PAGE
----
“Those who cannot remember the past are condemned to repeat it”

We cannot let the patriarchy take the word ‘feminism’ away from us. I’d be lying if I said I didn’t have my issues with it, BUT I am damned if I let the patriarchy dictate its usage.

Fems, let us be inclusive. Let’s literally give a shit about ALL women. Listen to the women who have been toxically shamed into believing they are inferior, because they are black or mentally unwell. We need to be aware of our language and the way patriarchy subtly controls people who are the ‘other’.

Who’s with me?

Sam's Hair

How you can help

Friends.

With Refuge facing closure due to government funding cuts of over 50%, women need your support more now than ever before.

Southall Black Sisters established in 1979, provide support to BME women at risk of or fleeing domestic abuse. Whenever there are cuts, services for the most vulnerable go first.

In response to the inherent racism and sexism we face in modern day Britain, I have decided to give up my long locks in protest and hopefully make a few pennies along the way.

Don’t worry, it’ll grow back!

We can’t bring women back from the dead though.

This year so far, there have been 47 gender related murders.

PLEASE DONATE:

Southall Black Sisters: http://www.justgiving.com/Sam-Ambreen?utm_source=twitter&utm_medium=tweetfeed&utm_campaign=mypages

Refuge: http://www.justgiving.com/Sam-Ambreen0?utm_source=twitter&utm_medium=tweetfeed&utm_campaign=mypages

Thank you for your support.

The shame we feel as women

It creeps up suddenly; self-consciously you adjust your posture to close in a little on yourself. Your eyes drop downwards. Suddenly you feel very exposed. This happens frequently; whether in a meeting at work or walking into a bar and almost certainly when walking home late at night. By slouching, we hope to divert attention away from our breasts, by avoiding eye contact, we can hope they won’t think we brought it on ourselves. We are reminded everywhere we turn, of the temptations we promise, and if we don’t fit the bill, we can be stuffed and pumped up with man-made fillers and human bum fat. If we’re healthy, we’re “starting to waddle”, a timely reminder we shouldn’t eat so much else who will fancy us?

The shaming begins early. They make mini-skirts and boob tubes for 3 year olds. I will always feel sick to the stomach remembering the fascination with Emma Watson’s impending sweet sixteen. Her boyish figure on the turn, she still looked like little Hermione Granger to me. But the lad mags cooed and pushed and towed the line. The difference a day makes, predatory behaviour now legal. The men writing these articles, having this ‘fun’ ‘banter’ are in their 20s and 30s. What kind of meaningful discussion could be had between a young person and a fully grown male adult?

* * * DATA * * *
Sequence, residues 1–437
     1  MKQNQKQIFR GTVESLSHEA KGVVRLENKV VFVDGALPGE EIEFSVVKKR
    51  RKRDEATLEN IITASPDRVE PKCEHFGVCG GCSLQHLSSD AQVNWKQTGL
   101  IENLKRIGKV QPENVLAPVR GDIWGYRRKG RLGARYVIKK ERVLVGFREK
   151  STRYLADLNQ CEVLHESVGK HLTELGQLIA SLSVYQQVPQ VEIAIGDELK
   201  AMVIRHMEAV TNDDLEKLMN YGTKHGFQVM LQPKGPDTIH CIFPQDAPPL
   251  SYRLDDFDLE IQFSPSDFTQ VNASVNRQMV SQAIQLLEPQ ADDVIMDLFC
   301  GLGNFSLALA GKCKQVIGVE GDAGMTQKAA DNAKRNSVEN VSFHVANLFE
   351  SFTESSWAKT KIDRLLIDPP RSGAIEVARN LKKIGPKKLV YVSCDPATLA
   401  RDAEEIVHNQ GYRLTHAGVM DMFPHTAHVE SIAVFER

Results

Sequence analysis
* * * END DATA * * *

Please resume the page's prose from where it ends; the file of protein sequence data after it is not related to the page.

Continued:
“Getting a bit podgy” they remark when you embark early adolescence. Girls get called sluts for letting boys kiss them. And frigid, for refusing to bow to pressure. The shaming naming begins; slut, slag, whore, cunt, bitch, pussy, ho, sket, ‘punaani’ and many others I’m glad not to think of off the top of my head. When these words are spat, they are designed to cut to the core of woman, what lies between your legs is dirt and because of it you choose to be shamed in this way, with the very same words they use to describe your vagina. They cut deep. Toxic and humiliating, they are effective. The world has made it so. Half of the world’s population has a menstrual cycle, the most crucial component of the human condition and yet, it is considered unclean. In many religions, women are forbidden from intercourse/intimacy at this unholiest of times of the month, forbidden from entering places of worship or from handling holy texts. A ritualistic bath is required to cleanse the body of impurity once bleeding ceases. This dirty blood provides the cushion for nestling cells from which all life springs forth! It nurtures life! It is creation! But they would have us believe it’s a punishment for eating an apple, bleeding comparable to a “stuck pig”.

I am ashamed to admit, in the past, I have used men for protection. You can walk the streets at 2am, your heels clicking on the street, without the fear of someone pouncing over your shoulder. Walk into a bar and they’ll look once but maybe not twice, you don’t even have to think of who is where and whether they could get too close.

1 in 4 women will experience rape or an attempted rape. How can one begin to understand why this is a reality?

But sometimes the same men we look to for protection, violate us. You are more likely to be raped by your husband or partner than a complete stranger. In fact, 1 in 7 women have been coerced into sex. I would call this rape too. In my work with women, I asked “have you ever been raped?” Most women would reply “no”. Follow that question on with “have you ever had sex when you did not want to?” A large proportion then replies “yes”. Non consensual sex is rape. Why do these women feel it is not? In many parts of the world, sex is an ordeal for women, its only function to satisfy man so that he may create life. Male life, preferably. They have been brainwashed into believing that their role as woman is to suffer, because they are temptresses and they are asking for it.

Here in the West we are filled with outrage at the brutality our sisters in the East must suffer. They are not permitted to touch holy books when bleeding; they cannot excitedly declare their pregnancies for they are the result of impure deeds. The birth of a daughter is mourned not celebrated. When challenged, many will defend their rights to such feelings because, one day, their daughter must leave. She is only theirs temporarily, someday soon she will be handed over to another man and her destiny will be in his hands. They can only pray he will be merciful. This belief that daughters are born a burden drives families to increasingly barbaric methods of control; where death is a desirable outcome, preferable to shaming of the family name. What is more shameful than the taking of a life? Why is all the honour of a family placed on its female members? Like a classic car, they are cared for and then sold. No previous owners, no mileage on the clock and you get a brand new CD player, with the plastic still on it and everything. Be sure to check it’s sealed properly; otherwise you are entitled to renege on the deal. Your statutory rights will not be affected.